(MAUI, Hawaii) -- President Joe Biden visited Maui on Monday to observe the damage and recovery from devastating wildfires on the Hawaiian island that started earlier this month.
Biden and first lady Jill Biden arrived around 11:20 a.m. local time and greeted Gov. Josh Green with hugs after exiting Air Force One.
After taking an aerial tour in Marine One, the Bidens, Green and other elected officials walked through Front Street in Lahaina, which is still filled with charred debris.
At the second stop of the tour, Biden met with a long line of first responders, including one police officer who gave an item to the president. Biden placed the item into his pocket moments later.
He asked the group how many of the firefighters lost their homes and also met with a K-9 named Dexter who has helped with the search.
"How many firefighters lost their homes," the president asked the group, though none who were present appeared to respond that they were impacted.
The president, who reflected on his own emotions following the deaths of his first wife Neilia and daughter Naomi in a 1972 car crash, said he felt the pain of the hundreds of people who lost loved ones in the fires and those who are still awaiting news on missing friends and family.
"The difference between knowing somebody's gone and worrying whether they're available to come back are two different things," he said during a news conference during the tour.
Biden acknowledged the long road ahead for the island but reiterated that the federal government will continue to assist in recovery, sheltering and rebuilding efforts for a long time.
"We're with you for as long as it takes. I promise you," he said.
He emphasized that the federal government "will be respectful of the sacred grounds [and] the traditions that rebuild the way the people of Maui want to build, not the way others want to build."
A White House spokesperson said ahead of their arrival that it would be an "emotional day" as they meet with families, first responders and local officials.
"He'll meet with parents who've lost children and children who lost parents and first responders who saved other's homes while their own burned to the ground," White House principal deputy press secretary Olivia Dalton said during a gaggle with reporters on Air Force One earlier in the day. "So, I think it's going to be an emotional day for everyone."
President Biden had been criticized by conservatives for what they contended was his relative silence on the disaster, which officials say has killed more than 110 people.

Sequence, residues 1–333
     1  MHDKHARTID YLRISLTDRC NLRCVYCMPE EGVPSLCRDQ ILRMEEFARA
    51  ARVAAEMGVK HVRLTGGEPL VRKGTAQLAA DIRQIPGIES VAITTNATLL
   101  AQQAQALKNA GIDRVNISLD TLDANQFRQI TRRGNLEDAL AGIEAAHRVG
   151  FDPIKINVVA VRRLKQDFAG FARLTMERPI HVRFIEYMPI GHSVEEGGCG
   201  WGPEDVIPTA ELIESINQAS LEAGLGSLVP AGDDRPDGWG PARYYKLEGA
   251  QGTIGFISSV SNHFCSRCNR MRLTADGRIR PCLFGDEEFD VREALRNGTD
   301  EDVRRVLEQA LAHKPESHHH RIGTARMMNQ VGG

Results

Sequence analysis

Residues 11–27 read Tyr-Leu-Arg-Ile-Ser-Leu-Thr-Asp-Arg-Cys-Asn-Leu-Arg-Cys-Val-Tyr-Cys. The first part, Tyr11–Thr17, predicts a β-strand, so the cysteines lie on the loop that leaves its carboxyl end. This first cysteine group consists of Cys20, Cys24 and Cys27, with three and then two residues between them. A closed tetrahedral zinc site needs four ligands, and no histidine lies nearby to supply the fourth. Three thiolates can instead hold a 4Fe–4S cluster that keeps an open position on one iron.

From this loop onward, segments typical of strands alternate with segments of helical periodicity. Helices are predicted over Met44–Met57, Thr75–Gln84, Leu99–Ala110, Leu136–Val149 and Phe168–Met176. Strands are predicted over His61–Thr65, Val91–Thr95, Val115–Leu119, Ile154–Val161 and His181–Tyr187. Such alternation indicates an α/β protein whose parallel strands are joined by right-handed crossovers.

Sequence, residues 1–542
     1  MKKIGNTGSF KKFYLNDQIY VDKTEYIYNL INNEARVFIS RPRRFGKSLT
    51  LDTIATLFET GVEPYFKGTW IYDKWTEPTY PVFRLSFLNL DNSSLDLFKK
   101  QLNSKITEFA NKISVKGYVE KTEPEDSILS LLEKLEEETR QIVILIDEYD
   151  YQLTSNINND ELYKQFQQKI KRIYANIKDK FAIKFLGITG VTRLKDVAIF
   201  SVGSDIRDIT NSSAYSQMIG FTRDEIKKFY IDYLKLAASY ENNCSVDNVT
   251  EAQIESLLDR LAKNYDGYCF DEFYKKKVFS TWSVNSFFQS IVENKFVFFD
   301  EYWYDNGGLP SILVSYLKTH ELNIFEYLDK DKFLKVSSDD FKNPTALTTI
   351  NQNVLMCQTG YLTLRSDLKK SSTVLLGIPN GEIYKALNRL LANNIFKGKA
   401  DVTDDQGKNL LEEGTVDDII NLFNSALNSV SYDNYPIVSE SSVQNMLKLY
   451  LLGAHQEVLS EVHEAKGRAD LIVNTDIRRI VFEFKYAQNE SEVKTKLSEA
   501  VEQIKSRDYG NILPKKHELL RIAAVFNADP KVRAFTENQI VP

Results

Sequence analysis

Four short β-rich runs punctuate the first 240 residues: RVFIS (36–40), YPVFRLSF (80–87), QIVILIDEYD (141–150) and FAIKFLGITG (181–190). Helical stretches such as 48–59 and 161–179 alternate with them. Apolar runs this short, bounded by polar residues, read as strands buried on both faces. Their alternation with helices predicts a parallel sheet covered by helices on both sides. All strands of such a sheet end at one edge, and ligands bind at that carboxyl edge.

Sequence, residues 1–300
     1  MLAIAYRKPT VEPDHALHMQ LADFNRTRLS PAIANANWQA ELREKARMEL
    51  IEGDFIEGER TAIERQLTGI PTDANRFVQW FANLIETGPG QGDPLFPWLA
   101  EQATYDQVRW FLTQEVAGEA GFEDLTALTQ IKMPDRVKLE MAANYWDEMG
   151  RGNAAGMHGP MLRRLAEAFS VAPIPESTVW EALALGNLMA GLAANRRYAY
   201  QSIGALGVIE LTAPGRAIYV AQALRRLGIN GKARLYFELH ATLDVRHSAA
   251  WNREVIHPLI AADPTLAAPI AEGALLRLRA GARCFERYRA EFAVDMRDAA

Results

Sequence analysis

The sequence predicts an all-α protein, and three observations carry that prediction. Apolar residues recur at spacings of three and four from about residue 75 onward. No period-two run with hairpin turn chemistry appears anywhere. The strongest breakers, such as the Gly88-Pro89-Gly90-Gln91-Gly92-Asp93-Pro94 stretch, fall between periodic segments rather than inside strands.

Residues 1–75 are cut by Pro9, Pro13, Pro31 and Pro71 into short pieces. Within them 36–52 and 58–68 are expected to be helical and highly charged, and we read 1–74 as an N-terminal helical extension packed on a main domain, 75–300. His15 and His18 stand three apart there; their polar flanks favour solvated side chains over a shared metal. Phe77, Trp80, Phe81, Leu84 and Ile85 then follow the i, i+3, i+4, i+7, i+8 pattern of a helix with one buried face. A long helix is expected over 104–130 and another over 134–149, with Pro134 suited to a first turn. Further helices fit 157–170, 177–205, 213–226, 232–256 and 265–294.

Last week, however, the president vowed the federal government's aid to Hawaii would be continuous.
"We will be there in Maui as long as it takes," Biden said while in Milwaukee for an unrelated event. "As long as it takes. And I mean that sincerely."
Dalton has also pushed back on the detractors, saying Biden has been "engaged and committed" over the last two weeks responding to the crisis.
FEMA Administrator Deanne Criswell said Monday her agency had distributed over $8.5 million to residents of Maui, with $3.6 million of that being for direct rental assistance for 8,000 families that have registered for assistance.
"We continue to have more than 1,000 federal responders on the ground and this is from dozens of federal agencies, departments and agencies," she told reporters. "There are 16 people that remain in shelters and we have close to 2,000 people that we have already moved into hotel rooms."
Criswell said officials would get an update later on Monday on what Hawaii officials believe will be the estimated time to finish searching the remaining buildings in Maui. She joined the Bidens on their tour along with Green, Sens. Brian Schatz and Mazie Hirono and Rep. Jill Tokuda.
Approximately 85% of the search area in Maui has been completed, according to officials.
FEMA has also made available more than 50,000 meals, 75,000 liters of water, 5,000 cots and 10,000 blankets and shelter supplies to the county government for distribution.
In an appearance on "This Week" on Sunday, Criswell detailed some of the federal response said the Bidens' visit would afford the president the opportunity to view the "devastation" for himself while offering residents some "hope."
"I think the biggest thing is, he's going to be able to see what I saw when I went to Maui last week and just really experience the complete and utter devastation that this town had experienced," Criswell said.
"But he's also going to be able to talk with people and hear their stories and provide a sense of hope and assurance that the federal government is going to be with them as he has directed, and we will continue to bring in resources to support the requests of the governor and their needs as they go through the recovery process."
As of Friday night, fires in Olinda and Kula were 85% contained, the Lahaina fire was 90% contained and the Pulehu/Kihei fire was 100% contained, according to Maui officials.
ABC News' Ben Gittleson and Justin Gomez contributed to this report.
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